The important event of the evening was the first performance in England of Maurice Ravel's Daphnis et Chloé, conducted by M. Monteux.
It is an idyll in which the stage pictures of Chloé carried away by robbers, of her recovery by the intervention of Pan and Syrinx, have served to stimulate the composer's imagination, and now act primarily as the link which puts the imagination of the hearers into contact with the spirit of the music. This does not mean that the music is unimportant, but that the beauty of the scenes, the poses of the groups of Grecian figures, the dances of the individuals, the masses of youths and maidens, and of the pirates, seem to take their places primarily as illustrations of the symphonic poem played by the orchestra.
As the music is of such importance, M. Ravel's complaint in his letter to The Times yesterday must carry weight. He may well object to the omission of the chorus since the ballet is being given in a theatre possessing a fine stage choir. The loss of choral colour is most felt in the passage linking the first scene in the grove of Pan with the second in the camp of the pirates.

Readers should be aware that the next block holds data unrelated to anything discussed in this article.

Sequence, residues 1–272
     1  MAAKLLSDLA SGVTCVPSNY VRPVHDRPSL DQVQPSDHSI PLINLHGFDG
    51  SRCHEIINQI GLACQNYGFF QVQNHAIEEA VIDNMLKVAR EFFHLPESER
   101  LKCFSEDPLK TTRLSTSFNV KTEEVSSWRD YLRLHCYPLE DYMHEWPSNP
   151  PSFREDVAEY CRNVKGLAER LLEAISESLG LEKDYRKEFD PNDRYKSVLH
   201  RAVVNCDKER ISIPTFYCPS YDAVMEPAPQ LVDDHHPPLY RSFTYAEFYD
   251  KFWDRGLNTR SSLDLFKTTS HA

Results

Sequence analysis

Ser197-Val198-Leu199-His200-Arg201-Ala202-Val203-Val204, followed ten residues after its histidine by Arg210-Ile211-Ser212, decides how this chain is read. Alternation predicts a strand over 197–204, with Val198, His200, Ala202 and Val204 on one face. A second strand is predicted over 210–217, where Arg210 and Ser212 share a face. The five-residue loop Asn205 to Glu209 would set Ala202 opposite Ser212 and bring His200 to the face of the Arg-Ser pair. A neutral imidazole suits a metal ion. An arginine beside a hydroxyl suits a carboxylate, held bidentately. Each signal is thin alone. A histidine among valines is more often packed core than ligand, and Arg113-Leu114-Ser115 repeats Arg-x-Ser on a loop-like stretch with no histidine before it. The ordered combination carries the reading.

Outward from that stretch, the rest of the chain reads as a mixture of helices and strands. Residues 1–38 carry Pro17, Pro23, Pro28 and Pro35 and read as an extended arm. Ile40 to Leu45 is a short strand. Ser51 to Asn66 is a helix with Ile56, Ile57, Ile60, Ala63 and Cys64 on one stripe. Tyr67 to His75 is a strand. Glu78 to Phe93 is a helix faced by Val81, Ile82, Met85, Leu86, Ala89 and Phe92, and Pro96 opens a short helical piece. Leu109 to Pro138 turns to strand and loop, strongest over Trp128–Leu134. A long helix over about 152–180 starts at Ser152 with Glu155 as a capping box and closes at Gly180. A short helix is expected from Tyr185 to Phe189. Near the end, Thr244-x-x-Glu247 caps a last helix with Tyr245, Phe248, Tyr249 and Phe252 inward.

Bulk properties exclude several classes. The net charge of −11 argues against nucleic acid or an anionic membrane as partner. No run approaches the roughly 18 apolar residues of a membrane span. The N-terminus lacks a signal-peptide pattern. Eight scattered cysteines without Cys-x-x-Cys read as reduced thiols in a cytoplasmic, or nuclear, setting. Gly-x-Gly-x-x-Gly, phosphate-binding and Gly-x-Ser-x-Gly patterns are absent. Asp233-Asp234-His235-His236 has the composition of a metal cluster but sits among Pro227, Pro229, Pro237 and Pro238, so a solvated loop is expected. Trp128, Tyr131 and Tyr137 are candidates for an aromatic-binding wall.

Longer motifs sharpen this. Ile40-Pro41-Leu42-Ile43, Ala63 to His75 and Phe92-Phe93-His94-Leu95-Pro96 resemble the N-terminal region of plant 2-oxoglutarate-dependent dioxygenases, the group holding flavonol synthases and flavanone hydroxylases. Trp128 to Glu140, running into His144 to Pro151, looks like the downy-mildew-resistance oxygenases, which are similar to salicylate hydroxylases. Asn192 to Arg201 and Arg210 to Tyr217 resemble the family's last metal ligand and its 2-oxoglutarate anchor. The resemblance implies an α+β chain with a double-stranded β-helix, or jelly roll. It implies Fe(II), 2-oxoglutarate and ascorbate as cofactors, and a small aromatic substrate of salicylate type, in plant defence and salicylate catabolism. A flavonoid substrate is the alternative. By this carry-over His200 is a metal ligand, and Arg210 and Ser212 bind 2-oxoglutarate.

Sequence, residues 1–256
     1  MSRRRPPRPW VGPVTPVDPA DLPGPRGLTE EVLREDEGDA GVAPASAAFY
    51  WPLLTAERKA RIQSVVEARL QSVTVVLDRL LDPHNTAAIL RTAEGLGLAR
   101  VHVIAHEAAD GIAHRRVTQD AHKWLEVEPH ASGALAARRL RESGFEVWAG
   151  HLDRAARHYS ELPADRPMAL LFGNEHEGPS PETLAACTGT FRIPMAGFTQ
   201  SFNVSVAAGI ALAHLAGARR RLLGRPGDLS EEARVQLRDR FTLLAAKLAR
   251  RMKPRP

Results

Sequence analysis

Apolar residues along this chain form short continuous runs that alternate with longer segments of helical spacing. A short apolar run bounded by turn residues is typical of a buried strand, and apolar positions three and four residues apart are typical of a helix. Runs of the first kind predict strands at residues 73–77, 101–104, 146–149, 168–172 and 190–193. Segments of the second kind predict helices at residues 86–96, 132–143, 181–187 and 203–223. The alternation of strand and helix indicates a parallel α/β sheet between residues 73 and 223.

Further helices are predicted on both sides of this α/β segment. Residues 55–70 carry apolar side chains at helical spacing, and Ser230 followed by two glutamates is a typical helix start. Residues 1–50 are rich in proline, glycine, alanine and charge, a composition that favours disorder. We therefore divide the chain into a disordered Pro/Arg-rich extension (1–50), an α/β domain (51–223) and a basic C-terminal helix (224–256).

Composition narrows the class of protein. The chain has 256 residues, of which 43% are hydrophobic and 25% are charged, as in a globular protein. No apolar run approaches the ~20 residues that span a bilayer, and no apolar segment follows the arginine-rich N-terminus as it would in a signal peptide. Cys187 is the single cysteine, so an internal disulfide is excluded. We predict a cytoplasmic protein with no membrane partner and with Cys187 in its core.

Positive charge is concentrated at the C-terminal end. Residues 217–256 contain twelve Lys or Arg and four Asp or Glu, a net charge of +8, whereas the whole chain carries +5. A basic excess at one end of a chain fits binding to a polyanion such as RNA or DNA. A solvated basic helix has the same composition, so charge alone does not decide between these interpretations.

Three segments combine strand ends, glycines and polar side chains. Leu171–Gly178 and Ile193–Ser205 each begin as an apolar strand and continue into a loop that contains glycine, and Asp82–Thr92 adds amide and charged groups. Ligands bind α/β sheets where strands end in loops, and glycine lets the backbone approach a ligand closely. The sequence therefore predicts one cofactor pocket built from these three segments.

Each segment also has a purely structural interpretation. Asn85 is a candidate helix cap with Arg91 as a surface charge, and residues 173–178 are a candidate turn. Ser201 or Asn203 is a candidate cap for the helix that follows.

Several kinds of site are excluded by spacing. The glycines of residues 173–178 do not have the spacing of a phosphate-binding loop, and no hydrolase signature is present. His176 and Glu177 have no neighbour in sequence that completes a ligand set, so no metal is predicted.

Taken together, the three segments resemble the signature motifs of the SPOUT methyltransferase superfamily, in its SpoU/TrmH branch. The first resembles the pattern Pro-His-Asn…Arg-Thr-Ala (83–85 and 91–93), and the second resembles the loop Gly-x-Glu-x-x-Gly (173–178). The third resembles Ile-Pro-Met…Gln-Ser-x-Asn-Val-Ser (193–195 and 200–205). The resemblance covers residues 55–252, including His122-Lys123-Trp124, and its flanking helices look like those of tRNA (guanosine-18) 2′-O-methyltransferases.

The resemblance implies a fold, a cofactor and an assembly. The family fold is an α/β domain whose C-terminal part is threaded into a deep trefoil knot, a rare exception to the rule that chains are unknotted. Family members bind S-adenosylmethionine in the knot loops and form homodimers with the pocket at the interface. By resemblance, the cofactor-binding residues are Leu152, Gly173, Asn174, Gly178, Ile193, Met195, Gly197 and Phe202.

The dances of the pirates are more on the lines of ordinary ballet, and while they are full of an unbounded vitality they are the least original part. Mme Karsavina's appeal for freedom was an extraordinarily appealing piece of acting and the scattering of the pirates when the Vision of Pan appeared was wonderfully effective. But with the return to the sleeping Daphnis we get back to the main interest of the work in an exquisite piece of orchestration picturing the dawn and the gradual awakening of the world to fresh life. The dancing of M. Fokine as Daphnis matched that of Mme Karsavina in its grace and suppleness and their scene of reunion had a joyousness which seemed the exact counterpart to the rich melody and orchestral colour of the music to which it belongs.Reuse content